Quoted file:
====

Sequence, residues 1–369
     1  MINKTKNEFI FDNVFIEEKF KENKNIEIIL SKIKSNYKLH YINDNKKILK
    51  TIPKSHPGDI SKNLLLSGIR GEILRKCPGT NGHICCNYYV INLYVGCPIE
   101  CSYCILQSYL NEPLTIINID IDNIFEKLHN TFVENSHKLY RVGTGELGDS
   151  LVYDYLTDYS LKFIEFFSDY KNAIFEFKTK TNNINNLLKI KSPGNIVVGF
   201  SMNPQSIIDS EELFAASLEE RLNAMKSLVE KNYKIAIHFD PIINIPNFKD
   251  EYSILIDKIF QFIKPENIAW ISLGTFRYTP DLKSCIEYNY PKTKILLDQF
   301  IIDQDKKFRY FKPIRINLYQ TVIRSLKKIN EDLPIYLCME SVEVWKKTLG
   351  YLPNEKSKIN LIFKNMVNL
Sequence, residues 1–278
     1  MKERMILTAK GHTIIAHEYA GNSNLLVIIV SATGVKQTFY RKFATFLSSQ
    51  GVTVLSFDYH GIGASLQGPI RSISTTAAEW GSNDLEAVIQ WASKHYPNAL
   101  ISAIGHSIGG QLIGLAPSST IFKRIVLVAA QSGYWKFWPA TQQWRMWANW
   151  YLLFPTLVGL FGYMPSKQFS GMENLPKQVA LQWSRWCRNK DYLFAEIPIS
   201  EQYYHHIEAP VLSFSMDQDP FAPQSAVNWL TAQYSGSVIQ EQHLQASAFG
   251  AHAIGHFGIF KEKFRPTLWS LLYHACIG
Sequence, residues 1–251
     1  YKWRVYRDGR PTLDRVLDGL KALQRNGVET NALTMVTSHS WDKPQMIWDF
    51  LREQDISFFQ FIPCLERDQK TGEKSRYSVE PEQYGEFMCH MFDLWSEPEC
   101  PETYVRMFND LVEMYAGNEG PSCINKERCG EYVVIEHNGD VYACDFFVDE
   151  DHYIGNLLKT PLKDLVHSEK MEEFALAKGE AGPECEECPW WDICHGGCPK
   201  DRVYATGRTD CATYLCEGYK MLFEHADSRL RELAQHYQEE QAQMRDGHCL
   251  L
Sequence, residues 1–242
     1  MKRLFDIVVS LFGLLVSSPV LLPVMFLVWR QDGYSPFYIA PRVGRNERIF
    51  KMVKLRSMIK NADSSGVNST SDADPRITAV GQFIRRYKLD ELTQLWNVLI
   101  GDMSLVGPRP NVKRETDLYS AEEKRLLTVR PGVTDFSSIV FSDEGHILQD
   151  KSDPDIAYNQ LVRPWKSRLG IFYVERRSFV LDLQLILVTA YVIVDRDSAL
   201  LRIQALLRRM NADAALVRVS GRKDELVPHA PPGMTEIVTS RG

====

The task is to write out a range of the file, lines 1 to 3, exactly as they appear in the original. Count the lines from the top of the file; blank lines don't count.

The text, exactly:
Sequence, residues 1–369
     1  MINKTKNEFI FDNVFIEEKF KENKNIEIIL SKIKSNYKLH YINDNKKILK
    51  TIPKSHPGDI SKNLLLSGIR GEILRKCPGT NGHICCNYYV INLYVGCPIE